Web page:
- Foreign allocations as consequence of bilateral or alliance agreements, for renting national military facilities. For the military budget, money comes, sometimes, from abroad. Not necessarily from renting infrastructure objectives that might lead to other chapters. Strategic partnerships are those setting out common interests and, of course, that need budgetary support. A study on US spending to support foreign partners has revealed that Washington supports many states’ military structures with about $ 50 billion. Even for US’s military budget is an important amount. This support has multiple assets: balance the states that are a confrontational regional logic, to keep alive bilateral or multilateral agreements where US has been the main political and diplomatic sponsor, to support local structures adaptation processes, not only military, to international standards. Most of the times, this support is the precursor to military contracts for military equipment and technology. What is happening with US’s money, with high military equipment purchased thanks to advantageous clauses, is not always following Washington’s logic. Neither Egypt gets better in Sinai Peninsula, nor is Saudi Arabia in Yemen, nor does the Afghan authorities in ending the Taliban insurgency;

- Military budget growth constancy and rate, their evolution tendency. Due to the near-generalized economic growth, as well as the Euro-Atlantic and Euro-Asian spheres developments, the percentages most military expenditure states granted has decreased, regardless of the fact that the total amount has, in fact, increased. But recent developments and statistics seem to change this trend. With Ukraine’s conflicts and Crimea’s annexation, Europe feels vulnerable, and some eastern continent countries are even abandoned against threats that powerful Western allies seem not to pay attention to. But it's not the only element. In 2003, China's GDP was eight times lower than the US. In just 15 years, the rapport has balanced. Beijing has even afforded not to increase its military budget alike the economy, so the nominal gap between China's and US military budgets continues. By eliminating or reducing the chapters related to costs for foreign military bases and staff, there is almost a parity between both budgets. And the tendency is not favoring US.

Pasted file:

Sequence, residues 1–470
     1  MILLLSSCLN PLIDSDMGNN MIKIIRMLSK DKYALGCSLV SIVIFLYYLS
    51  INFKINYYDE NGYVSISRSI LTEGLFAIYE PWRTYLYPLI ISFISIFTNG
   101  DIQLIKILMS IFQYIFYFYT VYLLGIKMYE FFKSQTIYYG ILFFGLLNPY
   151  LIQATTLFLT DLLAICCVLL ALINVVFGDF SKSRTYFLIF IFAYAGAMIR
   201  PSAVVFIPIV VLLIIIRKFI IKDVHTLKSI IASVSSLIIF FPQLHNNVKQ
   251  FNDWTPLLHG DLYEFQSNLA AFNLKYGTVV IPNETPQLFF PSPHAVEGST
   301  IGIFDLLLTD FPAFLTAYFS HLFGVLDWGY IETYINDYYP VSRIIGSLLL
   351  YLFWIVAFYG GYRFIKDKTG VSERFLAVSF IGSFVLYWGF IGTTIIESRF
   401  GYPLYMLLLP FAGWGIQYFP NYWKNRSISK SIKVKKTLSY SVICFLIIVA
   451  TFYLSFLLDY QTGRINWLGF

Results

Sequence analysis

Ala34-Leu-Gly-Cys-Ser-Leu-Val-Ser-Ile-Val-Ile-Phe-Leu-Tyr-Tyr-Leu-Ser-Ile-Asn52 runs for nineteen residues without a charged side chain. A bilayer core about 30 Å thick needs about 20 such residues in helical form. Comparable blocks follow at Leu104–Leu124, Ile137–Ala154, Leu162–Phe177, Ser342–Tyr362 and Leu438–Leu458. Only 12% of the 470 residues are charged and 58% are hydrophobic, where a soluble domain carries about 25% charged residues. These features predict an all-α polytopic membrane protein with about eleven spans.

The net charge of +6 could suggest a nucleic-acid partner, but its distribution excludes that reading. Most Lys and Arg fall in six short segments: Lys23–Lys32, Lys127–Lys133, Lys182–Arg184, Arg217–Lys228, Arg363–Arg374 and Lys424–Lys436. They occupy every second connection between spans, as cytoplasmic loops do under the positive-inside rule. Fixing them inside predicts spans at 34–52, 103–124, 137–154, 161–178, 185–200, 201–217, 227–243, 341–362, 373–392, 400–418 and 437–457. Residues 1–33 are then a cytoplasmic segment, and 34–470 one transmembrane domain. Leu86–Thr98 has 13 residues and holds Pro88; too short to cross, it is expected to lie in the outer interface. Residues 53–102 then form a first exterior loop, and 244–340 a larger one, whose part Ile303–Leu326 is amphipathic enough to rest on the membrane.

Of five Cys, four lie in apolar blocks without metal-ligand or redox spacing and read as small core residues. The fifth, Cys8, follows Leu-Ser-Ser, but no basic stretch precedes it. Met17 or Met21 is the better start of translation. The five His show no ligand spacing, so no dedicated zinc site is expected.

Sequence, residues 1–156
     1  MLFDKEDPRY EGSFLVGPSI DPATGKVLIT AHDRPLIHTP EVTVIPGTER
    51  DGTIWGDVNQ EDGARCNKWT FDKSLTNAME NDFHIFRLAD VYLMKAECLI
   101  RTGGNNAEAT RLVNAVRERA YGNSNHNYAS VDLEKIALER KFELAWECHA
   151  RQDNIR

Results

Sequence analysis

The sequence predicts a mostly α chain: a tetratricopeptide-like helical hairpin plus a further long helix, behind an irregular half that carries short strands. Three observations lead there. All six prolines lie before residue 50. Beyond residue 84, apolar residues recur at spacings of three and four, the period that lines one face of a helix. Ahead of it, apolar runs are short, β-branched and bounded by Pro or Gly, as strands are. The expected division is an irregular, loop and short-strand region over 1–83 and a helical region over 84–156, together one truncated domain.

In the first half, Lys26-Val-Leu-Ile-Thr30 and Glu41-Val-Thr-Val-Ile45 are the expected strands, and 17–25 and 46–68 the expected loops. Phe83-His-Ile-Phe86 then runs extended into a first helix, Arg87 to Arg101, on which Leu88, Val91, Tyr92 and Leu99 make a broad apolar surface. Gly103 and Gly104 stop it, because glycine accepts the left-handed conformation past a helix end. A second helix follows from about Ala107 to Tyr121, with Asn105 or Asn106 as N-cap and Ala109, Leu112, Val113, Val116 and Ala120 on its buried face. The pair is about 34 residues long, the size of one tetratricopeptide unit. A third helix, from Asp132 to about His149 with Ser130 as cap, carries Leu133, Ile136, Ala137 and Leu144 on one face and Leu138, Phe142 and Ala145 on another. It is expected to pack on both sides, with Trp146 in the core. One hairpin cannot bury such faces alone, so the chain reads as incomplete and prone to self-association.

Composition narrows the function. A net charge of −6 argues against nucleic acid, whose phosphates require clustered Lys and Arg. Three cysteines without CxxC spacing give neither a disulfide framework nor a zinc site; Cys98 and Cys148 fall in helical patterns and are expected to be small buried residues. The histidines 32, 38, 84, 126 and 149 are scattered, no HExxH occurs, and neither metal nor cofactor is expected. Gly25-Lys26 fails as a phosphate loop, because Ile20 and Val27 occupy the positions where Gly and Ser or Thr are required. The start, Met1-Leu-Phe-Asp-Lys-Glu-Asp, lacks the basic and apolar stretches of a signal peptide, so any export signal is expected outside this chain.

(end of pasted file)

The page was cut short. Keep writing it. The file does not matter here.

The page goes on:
There are other defence budget aspects to be mentioned, but they have to be linked and interpreted also given our national traditions, the popular commitment to defending the country. Social cohesion, popular solidarity are also factors, even decisive ones that contribute to state’s power.

How does the 2020, 2030 or even 2045 prognosis look like;

By 2030, world's armies will spend twice 2016’s amount. Almost $ 4 trillion. The US will exceed one trillion (compared to $611 billion in 2016), and China will reach more than 700 billion (compared to $215 billion). They will be followed by India, with more than $200 billion (compared to $56 billion).

East Asia - The Pacific Area will be, starting with 2020, equal to US in terms of military spending. Then, in 2045, India will be equal to all EU's national budgets.

Reaching and keeping the 2% level for the military spending of all NATO member states should give, by 2030, a 40% total increase.
As much as we would like to believe so, market economy and democracy do not necessarily bring society’s political and social cohesion strengthening. Without cohesion, defence funds can hardly transform into military power. We need more than just a political speech in order to ensure national security’s consistency.

 Even given these conditions, what the military budget offers, when being satisfactory as rate, well organized as structure, implemented in appropriate conditions, is only providing a basis for security’s construction. The rest depends on long-term strategies and public consensus for their application.

International developments are not always what we, our allies and friends, would like to witness. Technologies overtake forecasts, and power balances become more uncertain.

And forecasts are showing that these challenges are only a few years away.

Translated by Andreea Soare